Total Immersion Forums  

Go Back   Total Immersion Forums > Freestyle
FAQ Members List Calendar Search Today's Posts Mark Forums Read

Reply
 
Thread Tools Display Modes
  #1  
Old 01-23-2015
Talvi Talvi is offline
Senior Member
 
Join Date: Mar 2012
Location: Lappeenranta, Finland
Posts: 1,675
Talvi
Default The speed of Shinji

In this: https://www.youtube.com/watch?v=4InLAsnmKhY Shinji is swimming at a rate of appx. 1.55 TT. Slow? Well the length takes him a tad over 19 secs so about 1:15 /100m.

There is nothing on the video to confirm the length of the pool is 25m so can anyone out there confirm?

(If it was a 20m pool his pace would be 1:36 - hardly slow for that rate)
__________________
A psychological disorder is: "Any personal construction which is used repeatedly in spite of consistent invalidation."
~ George Kelly

"The water is your friend.....you don't have to fight with water, just share the same spirit as the water, and it will help you move."
~ Aleksandr Popov
Reply With Quote
  #2  
Old 01-23-2015
wentod wentod is offline
Junior Member
 
Join Date: Nov 2010
Posts: 17
wentod
Default

Read Shinji's comments : 25m
Reply With Quote
  #3  
Old 01-23-2015
CharlesCouturier CharlesCouturier is offline
Senior Member
 
Join Date: Jul 2012
Posts: 1,244
CharlesCouturier
Default

Quote:
Originally Posted by Talvi View Post
In this: https://www.youtube.com/watch?v=4InLAsnmKhY Shinji is swimming at a rate of appx. 1.55 TT. Slow? Well the length takes him a tad over 19 secs so about 1:15 /100m.
It can be misleading to calculate things this way. Add 3 turns, + DPS loss throughout the 100m (especially if he's maxed out on the first 25). Most swimmers shine their best on a single 25m totally fresh knowing the the video stops after this 25m.

You know, demonstrating the potential in regard to lowest stroke count contest, and swimming one's fastest are 2 entirely different things. Shinji has mentioned a few times, over the last decade, that he was interested into racing at some point (most recently he shown interest toward an AUS OW race, don't remember the distance). Only when he does, will we know how fast he can swim (because then he is going to have to aim for a trade off between SPL and SL). For now, that tad bit above 19sec was beaten by Andy in Norways who reported having swam 18.some on a 10stroke diet. That again, with a few seconds per 100m lost in turns, translates into a critical pace of 1:20/100m, 2:40, 5:20, 10flat, 20flat, given that this SL/SR combination is sustainable over 1500m.
Reply With Quote
  #4  
Old 01-23-2015
s.sciame s.sciame is offline
Senior Member
 
Join Date: Jan 2011
Location: Rome, Italy
Posts: 479
s.sciame
Default

Quote:
Originally Posted by CharlesCouturier View Post
(most recently he shown interest toward an AUS OW race, don't remember the distance). Only when he does, will we know how fast he can swim (because then he is going to have to aim for a trade off between SPL and SL)
Guess it's the Rottnest Channel Swim, 19.7km, 21 February (less than 30 days left).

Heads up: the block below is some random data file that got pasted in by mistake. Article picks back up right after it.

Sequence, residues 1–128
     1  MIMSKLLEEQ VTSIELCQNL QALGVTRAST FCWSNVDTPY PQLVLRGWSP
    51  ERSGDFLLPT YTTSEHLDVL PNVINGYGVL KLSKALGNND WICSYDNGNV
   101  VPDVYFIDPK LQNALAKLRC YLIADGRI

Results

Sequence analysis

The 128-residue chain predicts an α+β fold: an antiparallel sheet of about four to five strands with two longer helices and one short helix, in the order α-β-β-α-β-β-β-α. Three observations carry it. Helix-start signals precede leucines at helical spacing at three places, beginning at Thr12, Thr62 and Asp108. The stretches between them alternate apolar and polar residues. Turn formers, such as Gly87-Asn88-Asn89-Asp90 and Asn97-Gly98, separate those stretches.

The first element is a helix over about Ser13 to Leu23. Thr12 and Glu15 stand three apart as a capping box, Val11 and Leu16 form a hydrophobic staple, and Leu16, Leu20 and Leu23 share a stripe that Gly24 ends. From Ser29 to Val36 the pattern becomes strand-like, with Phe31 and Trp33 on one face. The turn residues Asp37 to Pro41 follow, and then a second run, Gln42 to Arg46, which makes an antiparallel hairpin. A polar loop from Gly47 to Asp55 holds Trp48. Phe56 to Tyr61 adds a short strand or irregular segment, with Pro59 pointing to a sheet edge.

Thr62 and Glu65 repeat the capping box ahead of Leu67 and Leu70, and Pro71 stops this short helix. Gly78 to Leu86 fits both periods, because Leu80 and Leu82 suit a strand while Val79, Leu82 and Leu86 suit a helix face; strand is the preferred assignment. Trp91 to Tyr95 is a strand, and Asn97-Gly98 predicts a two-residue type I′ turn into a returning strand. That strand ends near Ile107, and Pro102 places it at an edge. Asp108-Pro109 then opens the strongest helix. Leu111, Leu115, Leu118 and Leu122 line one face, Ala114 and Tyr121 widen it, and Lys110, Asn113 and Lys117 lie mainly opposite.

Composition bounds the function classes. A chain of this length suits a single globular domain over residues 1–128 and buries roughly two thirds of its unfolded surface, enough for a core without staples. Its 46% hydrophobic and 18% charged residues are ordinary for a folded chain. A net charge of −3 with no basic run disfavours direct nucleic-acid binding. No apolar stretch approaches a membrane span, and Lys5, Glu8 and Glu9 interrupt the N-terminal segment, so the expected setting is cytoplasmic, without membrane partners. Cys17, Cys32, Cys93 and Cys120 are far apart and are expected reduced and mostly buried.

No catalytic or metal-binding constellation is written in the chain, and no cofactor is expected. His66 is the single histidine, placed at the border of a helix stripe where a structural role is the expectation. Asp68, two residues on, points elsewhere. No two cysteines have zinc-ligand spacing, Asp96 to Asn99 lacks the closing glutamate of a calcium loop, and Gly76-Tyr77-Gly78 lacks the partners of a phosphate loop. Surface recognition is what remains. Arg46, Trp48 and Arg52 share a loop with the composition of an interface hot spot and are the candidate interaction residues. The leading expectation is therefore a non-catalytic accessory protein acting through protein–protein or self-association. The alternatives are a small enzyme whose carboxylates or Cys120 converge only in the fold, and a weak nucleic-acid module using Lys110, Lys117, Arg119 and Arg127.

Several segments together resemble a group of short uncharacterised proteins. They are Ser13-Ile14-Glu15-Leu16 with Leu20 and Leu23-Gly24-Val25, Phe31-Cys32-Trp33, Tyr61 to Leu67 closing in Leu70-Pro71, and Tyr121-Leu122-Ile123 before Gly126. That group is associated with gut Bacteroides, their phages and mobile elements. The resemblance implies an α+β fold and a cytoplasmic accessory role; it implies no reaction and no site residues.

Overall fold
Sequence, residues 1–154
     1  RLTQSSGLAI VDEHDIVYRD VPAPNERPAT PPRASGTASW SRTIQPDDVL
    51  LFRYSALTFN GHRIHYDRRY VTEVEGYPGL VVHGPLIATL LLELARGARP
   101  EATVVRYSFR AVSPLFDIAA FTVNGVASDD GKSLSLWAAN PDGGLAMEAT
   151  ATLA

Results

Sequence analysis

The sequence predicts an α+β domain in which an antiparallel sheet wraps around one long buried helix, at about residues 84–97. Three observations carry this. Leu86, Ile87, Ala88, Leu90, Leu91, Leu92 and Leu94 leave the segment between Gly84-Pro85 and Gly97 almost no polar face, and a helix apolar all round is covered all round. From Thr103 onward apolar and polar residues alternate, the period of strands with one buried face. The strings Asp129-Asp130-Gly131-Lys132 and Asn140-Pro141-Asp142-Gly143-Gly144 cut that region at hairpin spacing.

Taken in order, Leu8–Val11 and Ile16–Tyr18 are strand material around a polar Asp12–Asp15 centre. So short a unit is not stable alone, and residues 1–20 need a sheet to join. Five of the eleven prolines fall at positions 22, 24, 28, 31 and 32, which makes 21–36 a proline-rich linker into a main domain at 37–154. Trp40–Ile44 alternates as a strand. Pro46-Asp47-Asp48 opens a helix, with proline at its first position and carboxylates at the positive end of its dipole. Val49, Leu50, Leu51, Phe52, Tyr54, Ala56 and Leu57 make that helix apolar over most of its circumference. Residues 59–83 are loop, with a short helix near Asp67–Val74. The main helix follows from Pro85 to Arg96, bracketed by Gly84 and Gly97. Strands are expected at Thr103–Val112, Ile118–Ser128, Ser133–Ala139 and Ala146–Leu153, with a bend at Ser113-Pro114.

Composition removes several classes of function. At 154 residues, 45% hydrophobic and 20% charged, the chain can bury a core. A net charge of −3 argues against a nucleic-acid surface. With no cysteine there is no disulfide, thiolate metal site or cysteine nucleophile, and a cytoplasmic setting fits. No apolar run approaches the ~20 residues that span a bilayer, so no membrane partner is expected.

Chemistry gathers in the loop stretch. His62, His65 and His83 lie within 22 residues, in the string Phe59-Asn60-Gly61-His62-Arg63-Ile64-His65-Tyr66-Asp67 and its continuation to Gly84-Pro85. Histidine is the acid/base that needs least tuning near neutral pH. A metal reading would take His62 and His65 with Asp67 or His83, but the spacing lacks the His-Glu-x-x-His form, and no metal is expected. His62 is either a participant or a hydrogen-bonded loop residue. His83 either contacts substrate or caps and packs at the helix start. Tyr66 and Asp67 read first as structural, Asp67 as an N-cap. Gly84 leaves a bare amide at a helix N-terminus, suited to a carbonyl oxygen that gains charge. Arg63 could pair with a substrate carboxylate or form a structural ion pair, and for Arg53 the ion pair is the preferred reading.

So curious to know how a TI coach trains for such a long distance by the way...
Reply With Quote
  #5  
Old 01-23-2015
CharlesCouturier CharlesCouturier is offline
Senior Member
 
Join Date: Jul 2012
Posts: 1,244
CharlesCouturier
Default

Quote:
Originally Posted by s.sciame View Post
So curious to know how a TI coach trains for such a long distance by the way...
Now that... truly depends on whether one wants to book it real fast or not. For example, given neutral conditions (not favorable, not dis-favorable), achieving 5hfat (about 1:30/100m) would require, from the little bits I know of Shinji, a volume of 20k/week for at least 16weeks. In a pool, marathoners often time trial over 25k, which is usually done below 6h without too much effort. You need some of these long time trials as well to "optimize" the result over a marathon. But then, not everyone dives in at the start to swim their maximum best time. If just finishing the event is the main goal, one could live on a 10k/week diet and still enjoy the venture.

Last edited by CharlesCouturier : 01-23-2015 at 06:15 PM.
Reply With Quote
  #6  
Old 01-23-2015
CharlesCouturier CharlesCouturier is offline
Senior Member
 
Join Date: Jul 2012
Posts: 1,244
CharlesCouturier
Default

One other thing I may like to add about Shinji though, on goodwill. I'm very glad to state this.

What strikes me isn't as much the way he swims, but rather the way he swims given that he doesn't have any previous competitive background. Can anyone on this site quote me many more examples of swimmers having tackled on free, passed, say, the age of 35? Or even 30?

I don't know him well enough to have a clear idea of his potential as a swimmer; that is, would he end up spitting his left lung just trying to keep up with our varsity level folks throughout one single week of training? I don't know maybe. But the possibility for him to rapidly adapt and make his place among what many consider as being elite level is more than real I think. I wouldn't bet on a 43yo to beat a young rooster over 1500, but I've seen at least one occurrence of someone his age, master level (previous background though), training with a young elite squad and he could keep up. Right now, some masters of this age can easily lower the 1500 under 19. Can Shinji do it? The best in our province is worth about that, 18flat, 17:55 (SCM). How would Shinji compete against him? I donno. Holding 1:15 would bring him to the final touch in 18:45. We're very very far from a world record, that's not even worth top 10 in our country's national championship. But still, most folks going under 20 DO have a competitive background. They do. Certainly do.